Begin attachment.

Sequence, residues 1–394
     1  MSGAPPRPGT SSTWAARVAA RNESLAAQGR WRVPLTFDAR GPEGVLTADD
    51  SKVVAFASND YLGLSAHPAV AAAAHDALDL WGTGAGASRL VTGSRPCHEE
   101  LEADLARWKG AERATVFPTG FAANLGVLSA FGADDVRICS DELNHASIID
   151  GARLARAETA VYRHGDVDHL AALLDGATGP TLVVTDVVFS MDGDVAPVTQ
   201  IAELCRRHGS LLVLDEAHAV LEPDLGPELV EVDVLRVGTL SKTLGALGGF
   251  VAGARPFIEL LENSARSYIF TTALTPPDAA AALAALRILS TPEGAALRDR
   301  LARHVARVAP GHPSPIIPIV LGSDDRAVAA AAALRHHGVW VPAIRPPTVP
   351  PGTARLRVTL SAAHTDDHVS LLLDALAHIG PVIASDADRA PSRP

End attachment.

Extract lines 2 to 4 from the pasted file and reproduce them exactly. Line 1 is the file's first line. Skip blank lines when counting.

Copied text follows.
     1  MSGAPPRPGT SSTWAARVAA RNESLAAQGR WRVPLTFDAR GPEGVLTADD
    51  SKVVAFASND YLGLSAHPAV AAAAHDALDL WGTGAGASRL VTGSRPCHEE
   101  LEADLARWKG AERATVFPTG FAANLGVLSA FGADDVRICS DELNHASIID